Once, digital image editing was a fringe medium. Now, almost everyone who uses a computer does basic image editing. So, I’m pleased to get to talk today at Macworld Expo about live visuals and reactive/interactive animation. I chose some relatively simple examples since time was short, just to cover the basics. I think some of these might be useful to people at the show and away from it, so I’ll share them here.

Visualism 101

DJs and computer musicians have turned electronic and electrical music into live, improvisatory forms. Likewise, motion graphics, video, and animation are evolving from being exclusively linear, pre-composed works into reactive, interactive, and performative media. This medium is so new that there’s no name for it yet. You’ll hear about video artists, a tradition extending back to innovative visionaries like Nam June Paik. But “video” is only one of a number of media now at the digital artists’ disposal, from lighting to digital animation and 3D graphics. (Nam June Paik certainly didn’t fit so narrow a category, as a composer, artist, and performer.) You’ll hear “interactive designers”, but to most people that means website interfaces. And you’ll hear “VJs”, but that suggests people mixing two to four channels of pre-rendered video, as a DJ would with sound. (And it could mean a host on MTV)

All of these terms are useful in cases. But at Create Digital Motion, we prefer the term “visualist”, for artists whose love of live visual media crosses these arbitrary boundaries.

Visualism Examples

Visualism extends to a broad variety of artists. Here are just a few to whet your appetite:

  1. Toshio Iwai: Mixing art and gaming. Tenori-On interactive music controller, ICE Installation, Tokyo. Toshio Iwai understands the way gaming interactions have become a part of our culture, and has become a hero to musicians and visualists on this site for his forward-thinking approach to digital media.
  2. Daniel Shiffman, NYU: Transforming video into 3D worlds and back again. Interactive installations translating motion into particle systems. (Dan is also a reader of this site, so, hi, Dan!)
  3. Nikolai Cornell: Futuristic installations. Nikolai’s interactive mirror proves how powerful a few simple, inexpensive sensors can be when used artfully.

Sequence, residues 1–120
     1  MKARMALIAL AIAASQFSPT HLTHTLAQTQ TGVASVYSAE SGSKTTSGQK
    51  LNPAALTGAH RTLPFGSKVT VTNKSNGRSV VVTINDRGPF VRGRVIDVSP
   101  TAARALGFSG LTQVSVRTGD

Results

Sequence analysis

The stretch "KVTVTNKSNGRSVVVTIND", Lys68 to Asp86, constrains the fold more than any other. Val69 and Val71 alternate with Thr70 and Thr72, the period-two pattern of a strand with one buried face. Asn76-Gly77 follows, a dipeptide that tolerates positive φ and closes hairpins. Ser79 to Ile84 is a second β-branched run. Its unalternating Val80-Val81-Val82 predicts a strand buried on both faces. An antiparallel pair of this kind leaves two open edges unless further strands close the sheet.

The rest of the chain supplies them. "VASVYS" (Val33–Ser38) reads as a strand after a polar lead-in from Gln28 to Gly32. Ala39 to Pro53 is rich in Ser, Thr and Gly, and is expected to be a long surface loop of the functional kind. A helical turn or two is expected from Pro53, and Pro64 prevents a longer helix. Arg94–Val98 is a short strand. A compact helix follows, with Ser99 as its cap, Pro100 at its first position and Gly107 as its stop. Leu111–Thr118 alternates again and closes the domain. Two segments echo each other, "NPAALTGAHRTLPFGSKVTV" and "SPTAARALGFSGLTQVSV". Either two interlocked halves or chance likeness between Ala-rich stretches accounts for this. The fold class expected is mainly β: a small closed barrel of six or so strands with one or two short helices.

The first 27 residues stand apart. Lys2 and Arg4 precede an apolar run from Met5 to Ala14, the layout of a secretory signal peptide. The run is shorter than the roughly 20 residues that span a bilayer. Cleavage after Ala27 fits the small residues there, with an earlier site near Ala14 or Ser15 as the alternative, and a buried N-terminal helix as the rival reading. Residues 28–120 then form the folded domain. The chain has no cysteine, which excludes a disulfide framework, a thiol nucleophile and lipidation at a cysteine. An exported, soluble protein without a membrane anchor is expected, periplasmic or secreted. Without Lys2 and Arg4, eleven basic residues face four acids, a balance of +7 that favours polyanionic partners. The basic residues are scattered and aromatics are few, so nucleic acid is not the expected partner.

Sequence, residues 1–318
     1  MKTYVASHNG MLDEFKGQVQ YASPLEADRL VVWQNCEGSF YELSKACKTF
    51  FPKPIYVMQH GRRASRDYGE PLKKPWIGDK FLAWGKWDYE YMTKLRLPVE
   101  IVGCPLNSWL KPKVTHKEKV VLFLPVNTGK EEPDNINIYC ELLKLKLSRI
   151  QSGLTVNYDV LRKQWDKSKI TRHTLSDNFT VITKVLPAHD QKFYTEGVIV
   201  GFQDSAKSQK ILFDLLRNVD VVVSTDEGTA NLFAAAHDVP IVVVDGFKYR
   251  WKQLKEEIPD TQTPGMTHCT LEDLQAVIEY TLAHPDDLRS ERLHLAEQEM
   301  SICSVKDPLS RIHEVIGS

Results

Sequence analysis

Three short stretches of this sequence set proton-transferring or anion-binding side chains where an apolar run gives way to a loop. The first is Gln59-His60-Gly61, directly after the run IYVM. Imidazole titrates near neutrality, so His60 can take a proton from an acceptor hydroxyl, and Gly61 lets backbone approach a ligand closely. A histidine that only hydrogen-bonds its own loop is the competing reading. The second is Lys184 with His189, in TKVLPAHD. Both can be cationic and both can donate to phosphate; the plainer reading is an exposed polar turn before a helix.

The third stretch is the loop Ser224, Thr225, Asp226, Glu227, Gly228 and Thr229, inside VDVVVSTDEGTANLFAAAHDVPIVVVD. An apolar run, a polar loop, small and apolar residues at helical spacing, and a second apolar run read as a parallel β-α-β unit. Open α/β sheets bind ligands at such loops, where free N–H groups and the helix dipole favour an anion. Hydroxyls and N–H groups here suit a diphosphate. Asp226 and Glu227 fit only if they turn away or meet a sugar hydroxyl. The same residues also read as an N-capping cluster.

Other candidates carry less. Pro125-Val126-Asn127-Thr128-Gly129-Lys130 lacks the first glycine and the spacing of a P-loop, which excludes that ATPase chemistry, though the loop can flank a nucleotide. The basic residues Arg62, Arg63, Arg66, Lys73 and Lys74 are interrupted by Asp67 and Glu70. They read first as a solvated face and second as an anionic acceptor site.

4. ART+COM: Computational art. Reimagining computation and data itself as beautiful, ART+COM is one of a growing generation of artists whose work is helping digital media to change rapidly.

That’s not even getting into the enormous range of VJs and visual performers. A number of us will be sharing our work Thursday night at Macworld, including renowned VJ Grant Davis.

Links to Tools

I routinely browse through the tags here on CDM just to see what topics have come up regarding a certain app or piece of gear:

Quartz Composer
Flash
Processing
Max/MSP/Jitter

If you want free/open source tools, here are some important resources:

Quartz Composer (I set up a simple blog for a class I was teaching)
(Boot Camp / virtualized Windows users) FlashDevelop (see also their official site)
Processing.org
Arduino sensor interface
Open Source Flash

Pd (Pure Data) (Pure Data is the open source cousin of Max/MSP/Jitter)

And lastly, the primary resources for the two tools with which I spent the most time today:

Adobe Flash Developer Center
Apple Introduction to Quartz Composer Programming Guide

I’m also developing online curricula on some of these subjects; the place to watch will remain this site. Thanks to everyone who came, and feel free to comment here publicly or contact me directly via this site’s contact form.

  • Gilbert Bernstein

    I wanted to say that visualist/ism seems like a pretty good phrase, since it's not really overloaded, it's pretty general and it's not some conjunctive tangle. (New Motion Visualist! ugh) I'm also really glad that this site recognizes the broader scope of the zeitgeist, rather than having tunnel vision about it.

    Also, two small tangents this post provoked.

    There is a field related to Computer Graphics as a sub-field of Computer Science called Scientific Visualisation. This might be a rich source of inspiration for some artists. (I mean, "visualists")

    One much smaller mac tool which can be used for both visuals and music is impromptu. ( http://impromptu.moso.com.au/ ) It's a live coding system built on top of scheme, which is really awesome if you think functional languages/lisp are the best thing since sliced bread.

  • http://www.jaymis.com Jaymis

    People seem to understand the idea of a "visualist" more readily than "VJ". Googling the term it seems that others have been using it for a while. I started using it after watching the HipHop/DJ culture documentary <a href="http://youtube.com/results?search_query=scratch+documentary&search=Search&quot; rel="nofollow">Scratch, in which DJ Babu explains the origins of the term Turntablist. I felt that "VJ" was a very narrow term, which is either associated with MTV presenters, or people mixing prerecorded DVD or VHS sources.

    I suppose some of the algorithms which Processing artists use could be considered Scientific Visualisation.. Perlin noise, particle decay visualisations and the like? They're fantastic, although I think my maths skills need a little touching up before I go there, I'm still having issues remembering Sin/Cos/Tan equations for expressions in After Effects.

  • Claudio Midolo

    Finally a word that fits all my passions, I like it!

  • http://www.shiffman.net/ Daniel Shiffman

    Indeed, I am an avid reader of this wonderful blog. Hello to you too Peter!

    Any term that I can use where I don't have to call myself an artist, I can get behind. 3 cheers for visualists everywhere!

  • bsantoro

    How about Motion Graphic Artist?